# Simple proof weak master theorem

2018-09-12, updated 2020-07-26 —   ⇦Export subtree with filesEmacs drag-drop pdfs, paste html, custom templates⇨

For a 006 student piazza question. Te student liked my answer so I decided to share!

## 1 Work per level:

Suppose you have:

$T(n) = a T(n/b) + n^c$

The amount of work done on the root of the tree is:

$n^c$.

The amount of work done in the next level is:

$n^c \frac{a}{b^c}$

so on the $$i^{th}$$ level, considering the root to be level 0, is:

$n^c \left(\frac{a}{b^c}\right)^i$

## 2 Number of levels

Given that the size of an element of the tree decreases by $$b$$ in each level, e.g. $$n$$ -> n/b, n/b^2…

An element of the tree will have size 1 at the level: $\log_bn$

## 3 Total work on the tree

The total amount of work on the tree is therefore:

$\sum_{i=0}^{\log_bn} n^c \left(\frac{a}{b^c}\right)^i = n^c \sum_{i=0}^{\log_bn} \left(\frac{a}{b^c}\right)^i$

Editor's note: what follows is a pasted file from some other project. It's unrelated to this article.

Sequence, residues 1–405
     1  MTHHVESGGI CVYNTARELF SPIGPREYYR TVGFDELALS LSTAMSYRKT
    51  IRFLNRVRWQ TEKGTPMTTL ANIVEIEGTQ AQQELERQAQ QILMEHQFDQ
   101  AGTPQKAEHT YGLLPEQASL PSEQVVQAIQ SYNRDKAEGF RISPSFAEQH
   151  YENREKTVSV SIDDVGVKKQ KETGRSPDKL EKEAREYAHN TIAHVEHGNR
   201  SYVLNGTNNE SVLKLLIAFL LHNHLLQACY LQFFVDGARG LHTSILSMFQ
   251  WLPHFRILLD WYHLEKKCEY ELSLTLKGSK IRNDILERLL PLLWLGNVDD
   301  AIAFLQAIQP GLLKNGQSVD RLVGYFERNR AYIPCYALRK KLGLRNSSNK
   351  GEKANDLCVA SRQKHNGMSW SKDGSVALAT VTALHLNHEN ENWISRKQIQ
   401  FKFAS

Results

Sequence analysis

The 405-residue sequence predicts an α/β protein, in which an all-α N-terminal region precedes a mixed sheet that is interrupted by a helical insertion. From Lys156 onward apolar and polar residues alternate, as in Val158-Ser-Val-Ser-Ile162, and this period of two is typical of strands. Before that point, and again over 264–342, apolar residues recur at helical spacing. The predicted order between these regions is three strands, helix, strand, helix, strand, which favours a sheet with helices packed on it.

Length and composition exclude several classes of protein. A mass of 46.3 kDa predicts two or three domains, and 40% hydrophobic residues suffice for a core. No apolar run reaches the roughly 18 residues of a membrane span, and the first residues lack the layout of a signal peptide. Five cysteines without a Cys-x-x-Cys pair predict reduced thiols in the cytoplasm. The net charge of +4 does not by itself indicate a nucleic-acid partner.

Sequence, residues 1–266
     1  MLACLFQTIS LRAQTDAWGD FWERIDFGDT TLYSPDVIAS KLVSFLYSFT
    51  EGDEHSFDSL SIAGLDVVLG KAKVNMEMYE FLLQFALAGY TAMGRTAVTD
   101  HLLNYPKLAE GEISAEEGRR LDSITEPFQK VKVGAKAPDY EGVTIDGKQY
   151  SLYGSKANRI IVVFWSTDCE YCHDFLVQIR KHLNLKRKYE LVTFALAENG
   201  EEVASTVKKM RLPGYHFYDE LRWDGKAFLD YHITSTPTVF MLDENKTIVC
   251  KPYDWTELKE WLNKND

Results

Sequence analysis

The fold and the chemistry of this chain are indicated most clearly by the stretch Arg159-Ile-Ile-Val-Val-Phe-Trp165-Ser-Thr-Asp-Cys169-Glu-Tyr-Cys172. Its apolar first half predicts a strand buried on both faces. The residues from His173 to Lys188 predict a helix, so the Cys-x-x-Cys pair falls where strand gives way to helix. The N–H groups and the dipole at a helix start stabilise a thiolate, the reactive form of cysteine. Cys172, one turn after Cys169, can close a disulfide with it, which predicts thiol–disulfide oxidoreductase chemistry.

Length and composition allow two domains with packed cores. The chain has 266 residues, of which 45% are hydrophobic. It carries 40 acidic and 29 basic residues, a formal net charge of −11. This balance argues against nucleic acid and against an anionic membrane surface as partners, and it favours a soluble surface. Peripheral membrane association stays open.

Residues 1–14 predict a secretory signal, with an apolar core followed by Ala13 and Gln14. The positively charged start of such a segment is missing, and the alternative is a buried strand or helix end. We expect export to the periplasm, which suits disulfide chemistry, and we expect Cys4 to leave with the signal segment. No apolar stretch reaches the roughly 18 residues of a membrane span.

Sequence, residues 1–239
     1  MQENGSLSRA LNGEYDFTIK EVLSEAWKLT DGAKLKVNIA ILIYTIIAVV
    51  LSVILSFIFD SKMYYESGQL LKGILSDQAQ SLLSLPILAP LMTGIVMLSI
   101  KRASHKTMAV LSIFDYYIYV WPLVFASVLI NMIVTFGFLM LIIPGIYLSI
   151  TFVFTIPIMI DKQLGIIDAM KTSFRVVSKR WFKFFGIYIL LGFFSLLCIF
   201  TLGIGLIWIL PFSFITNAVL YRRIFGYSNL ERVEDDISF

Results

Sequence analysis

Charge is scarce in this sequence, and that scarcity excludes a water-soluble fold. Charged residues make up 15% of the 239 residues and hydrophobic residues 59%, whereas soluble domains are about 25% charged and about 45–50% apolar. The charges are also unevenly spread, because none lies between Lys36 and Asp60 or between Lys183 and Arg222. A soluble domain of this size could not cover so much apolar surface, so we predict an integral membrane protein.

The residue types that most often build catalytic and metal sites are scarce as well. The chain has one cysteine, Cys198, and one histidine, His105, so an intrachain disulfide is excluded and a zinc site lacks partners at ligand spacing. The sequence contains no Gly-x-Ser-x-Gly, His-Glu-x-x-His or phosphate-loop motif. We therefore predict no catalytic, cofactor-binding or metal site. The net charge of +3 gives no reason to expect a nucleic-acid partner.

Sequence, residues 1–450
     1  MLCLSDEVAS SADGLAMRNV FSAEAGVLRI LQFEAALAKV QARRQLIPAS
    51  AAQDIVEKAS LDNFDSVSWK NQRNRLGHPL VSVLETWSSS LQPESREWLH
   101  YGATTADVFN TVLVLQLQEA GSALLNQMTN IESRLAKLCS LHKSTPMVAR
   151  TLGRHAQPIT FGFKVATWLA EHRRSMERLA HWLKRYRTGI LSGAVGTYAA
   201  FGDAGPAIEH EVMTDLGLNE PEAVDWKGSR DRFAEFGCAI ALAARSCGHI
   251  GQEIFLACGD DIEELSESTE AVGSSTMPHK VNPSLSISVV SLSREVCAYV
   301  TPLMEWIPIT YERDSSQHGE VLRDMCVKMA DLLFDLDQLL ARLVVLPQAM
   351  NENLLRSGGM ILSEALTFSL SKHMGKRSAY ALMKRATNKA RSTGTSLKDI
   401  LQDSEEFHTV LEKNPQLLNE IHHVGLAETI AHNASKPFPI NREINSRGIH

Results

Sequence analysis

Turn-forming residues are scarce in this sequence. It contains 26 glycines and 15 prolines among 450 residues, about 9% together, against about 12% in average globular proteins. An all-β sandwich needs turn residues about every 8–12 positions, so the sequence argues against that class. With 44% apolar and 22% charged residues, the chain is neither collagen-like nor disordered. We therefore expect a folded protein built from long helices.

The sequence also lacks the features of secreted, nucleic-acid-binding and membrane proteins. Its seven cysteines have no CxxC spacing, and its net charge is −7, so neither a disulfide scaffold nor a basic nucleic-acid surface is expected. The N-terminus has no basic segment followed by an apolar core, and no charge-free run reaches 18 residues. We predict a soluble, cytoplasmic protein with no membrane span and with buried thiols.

This naturally leads to 3 cases:

$\left(\frac{a}{b^c}\right) >1$

$\left(\frac{a}{b^c}\right) = 1$

$\left(\frac{a}{b^c}\right) < 1$

## 4 Case 1: $\frac{a}{b^c}<1$

You have a geometric series of ratio < 1:

$n^c \sum_{i=0}^{\log_bn} \left(\frac{a}{b^c}\right)^i \le n^c \sum_{i=0}^{\infty} \left(\frac{a}{b^c}\right)^i = n^c \frac{1}{1-\left(\frac{a}{b^c}\right)}$

And this new term is just a constant

So:

$\theta ( n^{c})$

## 5 Case 2: $\frac{a}{b^c}=1$

Now the amount of work per level is the same, so:

$n^c \sum_{i=0}^{\log_bn} \left(\frac{a}{b^c}\right)^i= n^c \sum_{i=0}^{\log_bn} 1 = n^c \log_bn$

## 6 Case 3: $\frac{a}{b^c}>1$

The easiest way to deal with this case is to simply turn the tree upside down.

The amount of work done at the leaves of the tree is the same as the number of leaves on the tree, which is:

$a^{\log_b n} = \left(b^{\log_ba} \right)^{\log_bn} = \left(b^{\log_bn} \right)^{\log_ba} = n^{\log_ba}$

At every level above the leaves, the amound of work is multiplied by

$\frac{1}{\frac{a}{b^c}} = \frac{b^c}{a}$

So the total amount of work done in the tree is:

$\sum_{i=0}^{\log_bn} n^{\log_ba} \left(\frac{b^c}{a}\right)^i = n^{\log_ba} \sum_{i=0}^{\log_bn} \left(\frac{b^c}{a}\right)^i$

$\le n^{\log_ba} \sum_{i=0}^{\infty} \left(\frac{b^c}{a}\right)^i = n^{\log_ba} \frac{1}{1-\left(\frac{b^c}{a}\right)}$

And similar to the first case, this is simply

$\theta ( n^{\log_ba})$

Date: 2020-09-10 Thu 21:04